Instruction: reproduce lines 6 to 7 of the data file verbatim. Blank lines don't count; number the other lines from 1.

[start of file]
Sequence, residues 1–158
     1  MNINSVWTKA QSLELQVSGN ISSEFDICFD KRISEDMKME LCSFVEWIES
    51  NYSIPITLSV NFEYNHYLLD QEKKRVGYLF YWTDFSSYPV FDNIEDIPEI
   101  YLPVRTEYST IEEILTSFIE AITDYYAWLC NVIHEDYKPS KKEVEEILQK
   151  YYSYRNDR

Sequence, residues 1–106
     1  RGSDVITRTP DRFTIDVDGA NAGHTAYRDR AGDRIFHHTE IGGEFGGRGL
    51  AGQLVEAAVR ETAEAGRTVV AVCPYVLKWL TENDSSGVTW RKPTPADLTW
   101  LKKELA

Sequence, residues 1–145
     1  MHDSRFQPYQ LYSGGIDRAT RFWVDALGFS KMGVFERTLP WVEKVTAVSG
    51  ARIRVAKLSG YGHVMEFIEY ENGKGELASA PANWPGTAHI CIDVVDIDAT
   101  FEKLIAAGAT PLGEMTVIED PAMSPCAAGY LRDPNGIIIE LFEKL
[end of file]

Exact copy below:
Sequence, residues 1–106
     1  RGSDVITRTP DRFTIDVDGA NAGHTAYRDR AGDRIFHHTE IGGEFGGRGL